July 3, 2012 by Heidi
Title: On the Day I Died: Stories from the Grave [Amazon|Goodreads]
Author: Candace Fleming [Website|Twitter]
Standing: Stand alone short story collection.
Genre: Young Adult, Horror
Published: July 10th, 2012 by Random House Children’s Books
Format: Kindle edition; 208 pages.
Source: ARC from publisher via NetGalley.
On the Day I Died is a sometimes cheesy, sometimes chilling, but always fun collection of short stories recounting the deaths of teens throughout the past two centuries in the Chicago area. I very much like this type of set-up in a short story collection, where there is a frame story that gives a reason for and ties together all of the other stories in the collection. In this case it is Mike (which I blurb below) coming to the graveyard to listen to the tales of the deceased.
Candace Fleming makes use of a variety of cultures throughout time, and I loved how true to each time period’s particular style of horror these stories stayed. The Depression with its wise guys and gangsters, the 50s with its fascination with outer space, the obsession with objects in the 70s-80s, and the Gothic feel of the 19th century. Sticking to the vernacular of each time period really helped set the mood of each character, even if it did seem a bit extreme at times.
Waiting to hear how each character finally kicked the bucket was a bit like waiting for the bell man’s arm to be chopped off in Hot Tub Time Machine. You know it’s coming, you’re just not sure how, and the anticipation had me jumping the gun on more than one occasion. The ghosts in the graveyard get that whole barroom story-topping mentality of ‘you think that’s bad? You should hear my story’, which really made me grin. Some of the stories were laughable (Johnnie), some were incredibly cheesy (David), but some of them did give me genuine chills (Gina and Edgar). Candace Fleming retells the classic The Monkey’s Paw in a modernized setting, and also weaves in aspects of other classics like Berenice and The Yellow Wallpaper.
I’d recommend On the Day I Died to younger teens who like to be scared, particularly anyone who was a big fan of the Goosebumps series. Here’s a short intro/teaser for each tale:
Mike—The Frame Story
Mike is driving home one night, late, dreading his mother’s wrath when he misses curfew. He stops, however, when he sees a girl standing helplessly in the road. Carol Anne says she’s cold, she’s wet, and she needs a ride home. Mike figures he’s late already, what’s a few more minutes to help someone out? He takes her to her drive, but realizes after dropping her off that she’s left her shoes on the floor below his passenger seat. He attempts to return them, but the tired old woman at the house who seems to be expecting him states that her daughter’s been dead 55 years. If he wants to return her shoes, he’ll have to take them to the graveyard. Unbelieving, but knowing he’ll always wonder if he doesn’t check, Mike heads to the graveyard, where he finds a group of the young dead wanting to tell him the story of their deaths…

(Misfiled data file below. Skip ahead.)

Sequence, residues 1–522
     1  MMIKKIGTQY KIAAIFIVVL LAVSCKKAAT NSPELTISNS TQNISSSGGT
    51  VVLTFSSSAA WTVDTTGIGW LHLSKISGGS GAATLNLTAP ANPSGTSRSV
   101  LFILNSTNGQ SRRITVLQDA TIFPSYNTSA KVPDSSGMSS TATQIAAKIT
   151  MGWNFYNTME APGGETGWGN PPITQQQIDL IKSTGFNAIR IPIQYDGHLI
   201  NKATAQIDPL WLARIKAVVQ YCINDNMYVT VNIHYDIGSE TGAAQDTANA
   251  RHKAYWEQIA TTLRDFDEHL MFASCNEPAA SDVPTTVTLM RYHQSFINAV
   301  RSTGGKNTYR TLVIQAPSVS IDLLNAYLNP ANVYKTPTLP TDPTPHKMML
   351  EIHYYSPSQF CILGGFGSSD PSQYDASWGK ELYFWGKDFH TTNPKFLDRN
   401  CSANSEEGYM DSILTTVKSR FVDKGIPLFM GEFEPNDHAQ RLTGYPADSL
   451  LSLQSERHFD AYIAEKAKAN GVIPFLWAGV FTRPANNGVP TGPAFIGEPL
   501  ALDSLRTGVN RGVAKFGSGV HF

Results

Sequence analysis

Gina grew up in a tight-knit Italian neighborhood in Chicago, the type of neighborhood where one you have a reputation, it’s hard to shed it. Gina’s had a reputation as a liar. She thought she was just a good storyteller, but the new kid in school sees an advantage in the girl who cries wolf…
Johnnie is a wise guy street rat picking pockets and sleeping in the park during the Great Depression. He believes you get what’s coming to you, and eye for an eye, he just didn’t think the concept swung both ways…
Scott was a smart and practical kid, who scoffed at the notion of haunting and ghosts from the television programs and stories. He decides the best thing to do is prove that they don’t exist by exploring the nearby abandoned insane asylum with a wicked history…
David is taking care of his little sister Toni for the weekend, when much to his chagrin, she decides to spend the money she has saved up on some comic book novelty items–namely, Insta-Pets. The package arrives on their doorstep mysteriously the next morning, and the kids find the box contains a lot of bang for their buck, but not as much fun as they’d hoped…
Evelyn has always living in the shadow of her twin sister, Blanche. Blanche is beautiful, charming, perfect, and completely intolerable. Constantly fantasizing about her sisters demise, Evelyn grudgingly follows her about the Chicago World’s Fair until she just can’t stand it any more, and decides to do some exploring of her own…
Obsessed with the works of William Shakespeare, Lily feels she knows love, and she feels it instantly when she meets Collin. They’re always together and happy, until one day Collin’s little brother, Drew, purchases a monkey’s paw at a yard sale…
Rich’s best friend, Kev, has always been extremely responsible. He’s just gotten his driver’s license, and he dutifully follows every rule of the road. That is, until he finds a mysterious glowing mustang hood ornament he must have…
Since childhood, Edgar has suffered from monomania–a psychological all-consuming fascination with a singular object. He will disappear in an object for hours or days, completely obsessed. His parents hope he will grow out of it, and his father grows increasingly concerned and embarrassed at his son’s madness. Finally, Edgar pushes his father too far…
Tracy is used to being in and out of the foster care system as much as her mother is in and out of jail. This time, the social workers think they’ve solved things by tracking down her great aunt Viola and dropping Tracy at her door to await her mother. Tracy is disgusted to realize her great aunt is a hoarder, but it’s still better than the alternatives. That is, at least, until she starts learning a bit more about her great aunt Viola…
My favorite stories were Gina’s and Edgar’s, but to me, the most horrifying death goes to Tracy!
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